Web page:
President Obama. Of course.
The Democrats now have 56 seats in the Senate. Four seats are still undecided, according to CNN, but it looks like they’re all going to go Republican. Our best shot to pick up one last seat is Al Franken in Minnesota — who, with supposedly 100% of the vote counted, is less than 600 votes behind.
The Democrats now have 252 seats in the House, which is a 16 seat gain. Ten seats are still undecided.
Democrats have a majority in the NY State Senate for the first time since the New Deal. Wow. Do you mean that we might actually get some shit done?
Kay Hagan got Elizabeth Dole out of office. Gotta love that.
The South Dakota abortion ban, Measure 11, was decisively knocked down by a 10 point margin. A huge congrats to all of my friends at SD Healthy Families!
It looks like California has shot down Prop 4, the anti-abortion parental notification initiative, with 95% of the vote in and 52% voting No.
Arkansas Initiative 1, which bans adoption for unmarried couples, passed. This initiative is clearly anti-gay, but it also denies adoption rights to unmarried straight couples and could affect single people as well.
Nebraska Initiative 424 passed, and bans affirmative action.
San Francisco’s Measure K was shot down. Measure K would have decriminalized prostitution in the area, and is a controversial proposal among feminists. I believe that it would have made the jobs and lives of many sex workers much safer, and therefore I supported it and mark its defeat as a definite Bad.
The Downright Ugly
Yesterday, I really did have good feelings about Proposition 8. I knew that out of the four initiatives that I most cared about — Amendment 48, Measure 11, Prop 8 and Prop 4 — the likelihood was that we would lose at least one. All were horrible, but if I had to pick one to pass both in terms of predictions and hopes, my money was on Prop 4. Prop 4 was an atrocious, harmful piece of legislation, and I’m so happy to have seen it failed. But in all, I think it would have done the least damage. And it seemed to be to be ambiguous enough that people might have voted Yes. I couldn’t disagree with a Yes vote any more, but at least I understand the ignorance behind it. I get a Yes vote on 4.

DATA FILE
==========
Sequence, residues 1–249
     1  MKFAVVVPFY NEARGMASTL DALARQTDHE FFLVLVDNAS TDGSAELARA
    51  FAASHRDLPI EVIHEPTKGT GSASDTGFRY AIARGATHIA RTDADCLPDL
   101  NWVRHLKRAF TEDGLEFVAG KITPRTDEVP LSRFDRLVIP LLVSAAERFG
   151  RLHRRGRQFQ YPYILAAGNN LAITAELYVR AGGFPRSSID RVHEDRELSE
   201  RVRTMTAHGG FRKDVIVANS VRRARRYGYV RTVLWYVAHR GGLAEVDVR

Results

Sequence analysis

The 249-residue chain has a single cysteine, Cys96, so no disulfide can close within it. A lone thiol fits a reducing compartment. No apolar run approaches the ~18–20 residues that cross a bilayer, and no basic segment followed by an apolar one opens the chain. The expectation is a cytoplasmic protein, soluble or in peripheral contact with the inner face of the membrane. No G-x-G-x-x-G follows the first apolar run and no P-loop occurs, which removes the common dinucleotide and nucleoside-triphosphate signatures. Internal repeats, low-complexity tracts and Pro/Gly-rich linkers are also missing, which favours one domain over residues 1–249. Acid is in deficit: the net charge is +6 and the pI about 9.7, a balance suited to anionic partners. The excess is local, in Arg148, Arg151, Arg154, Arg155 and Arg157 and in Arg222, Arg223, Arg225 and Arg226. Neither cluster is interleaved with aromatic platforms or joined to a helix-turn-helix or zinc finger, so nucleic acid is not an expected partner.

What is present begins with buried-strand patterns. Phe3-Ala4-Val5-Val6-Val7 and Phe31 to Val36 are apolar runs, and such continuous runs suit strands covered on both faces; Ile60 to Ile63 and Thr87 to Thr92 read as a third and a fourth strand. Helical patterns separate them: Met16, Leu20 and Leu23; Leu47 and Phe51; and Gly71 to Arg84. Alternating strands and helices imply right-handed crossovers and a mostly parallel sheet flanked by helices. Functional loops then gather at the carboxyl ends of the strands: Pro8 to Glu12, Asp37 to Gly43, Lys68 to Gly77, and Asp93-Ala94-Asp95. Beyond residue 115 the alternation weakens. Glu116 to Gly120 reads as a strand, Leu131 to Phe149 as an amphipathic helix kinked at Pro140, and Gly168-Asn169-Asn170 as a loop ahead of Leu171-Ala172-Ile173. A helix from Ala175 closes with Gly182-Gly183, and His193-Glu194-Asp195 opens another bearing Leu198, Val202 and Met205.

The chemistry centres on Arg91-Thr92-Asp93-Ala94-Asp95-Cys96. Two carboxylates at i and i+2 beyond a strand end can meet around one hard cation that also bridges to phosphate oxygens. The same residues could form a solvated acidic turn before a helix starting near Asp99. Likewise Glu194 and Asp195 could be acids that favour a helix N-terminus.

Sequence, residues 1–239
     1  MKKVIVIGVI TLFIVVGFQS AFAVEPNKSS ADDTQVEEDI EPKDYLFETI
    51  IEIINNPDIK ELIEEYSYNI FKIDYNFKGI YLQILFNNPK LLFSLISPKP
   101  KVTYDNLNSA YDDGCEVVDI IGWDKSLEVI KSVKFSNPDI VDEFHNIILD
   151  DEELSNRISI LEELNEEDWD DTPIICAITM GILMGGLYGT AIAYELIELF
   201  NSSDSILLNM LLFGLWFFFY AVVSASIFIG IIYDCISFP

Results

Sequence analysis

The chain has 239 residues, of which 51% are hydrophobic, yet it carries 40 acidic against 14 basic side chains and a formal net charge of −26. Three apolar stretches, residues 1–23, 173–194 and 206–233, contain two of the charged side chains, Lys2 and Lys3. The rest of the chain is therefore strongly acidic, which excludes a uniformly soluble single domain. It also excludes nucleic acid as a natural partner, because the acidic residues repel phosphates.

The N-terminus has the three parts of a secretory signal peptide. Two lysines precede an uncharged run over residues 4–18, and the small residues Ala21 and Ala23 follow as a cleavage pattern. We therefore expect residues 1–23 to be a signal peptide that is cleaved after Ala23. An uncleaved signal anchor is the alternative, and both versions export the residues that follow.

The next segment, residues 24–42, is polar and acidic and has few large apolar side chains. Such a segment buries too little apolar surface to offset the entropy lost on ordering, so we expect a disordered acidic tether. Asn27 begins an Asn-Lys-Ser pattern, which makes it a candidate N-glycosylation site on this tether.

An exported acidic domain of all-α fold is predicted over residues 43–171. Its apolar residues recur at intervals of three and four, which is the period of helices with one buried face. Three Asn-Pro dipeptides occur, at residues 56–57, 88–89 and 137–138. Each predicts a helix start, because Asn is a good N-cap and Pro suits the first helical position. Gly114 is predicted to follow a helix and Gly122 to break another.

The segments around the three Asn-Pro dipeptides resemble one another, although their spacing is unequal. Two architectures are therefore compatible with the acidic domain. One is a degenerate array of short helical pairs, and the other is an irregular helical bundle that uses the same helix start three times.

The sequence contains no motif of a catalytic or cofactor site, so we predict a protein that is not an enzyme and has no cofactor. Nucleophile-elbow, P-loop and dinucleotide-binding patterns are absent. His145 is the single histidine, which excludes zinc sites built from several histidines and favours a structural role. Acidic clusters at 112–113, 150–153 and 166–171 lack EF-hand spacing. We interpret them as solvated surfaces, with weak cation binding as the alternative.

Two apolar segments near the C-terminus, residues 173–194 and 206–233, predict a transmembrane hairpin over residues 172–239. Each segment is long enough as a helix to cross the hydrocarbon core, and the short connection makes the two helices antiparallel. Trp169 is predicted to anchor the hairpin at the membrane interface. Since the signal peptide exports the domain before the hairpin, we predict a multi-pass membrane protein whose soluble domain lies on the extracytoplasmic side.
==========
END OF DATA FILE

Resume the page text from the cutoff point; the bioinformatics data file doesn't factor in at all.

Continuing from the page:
This, I do not understand.
Proposition 8 winning is downright ugly as opposed to just bad for many reasons. For a start, it’s in California. California is supposed to be one of our most liberal states. It’s supposed to help set the pace for the rest of the nation. California voting Yes on Prop 8 says horrible things about where the fight for LGBT equality is headed in this country. And it’s much, much worse than the same-sex marriage bans in Florida and Arizona, and not only because it was less expected — but because same-sex marriage was already legal in California.
California voters didn’t just cast their ballots to deny rights to their fellow citizens. That would have been bad enough. California voters cast ballots to take rights away.
I don’t understand how this could have happened. How can you vote to revoke the rights that people already have? How could you do it in such large numbers? How could it happen in California, of all places? And with hindsight being twenty-twenty, I’m kicking myself. What the hell was I doing phone-banking for Obama? The man won by a monumental landslide. Why didn’t I give my time to Prop 8 instead? Why was I so wrongly comfortable? How did we let them win?
I don’t know the answers to those questions. And I feel physically ill looking at pictures of “Yes on 8” supporters celebrating. HOORAY, we took away the rights of our neighbors!, they must be saying. HOORAY, we officially got the state to recognize how morally superior our choices and biological inclinations are regarding who to fuck and who to love. HOORAY, we’re a bunch of fucking bigots who don’t deserve the rights we would take from other people. LOOK AT US, we’re ignorant, selfish jackasses with copious amounts of hate in our hearts.
Please, do look at them. Because they must tell us something about our country and ourselves. Just as it’s important to remember that electing a Black president is not the end of racism in this country, it’s important to remember how far we have to go when a country that elects a Black president would also deny basic rights to its LGBT citizens, even in some of its most liberal pockets.
Granted, the final results still haven’t been called. And opponents think that defeating Prop 8 is still somewhat possible. I hope they’re right. But even if they are, the fact that this is so close is devastating, repulsive, and ought to be truly eye-opening. It puts a profound damper on this otherwise monumental victory.
I’m sure that I’ve left some news of various initiatives and candidate wins and losses out. Feel free to leave extra info in the comments.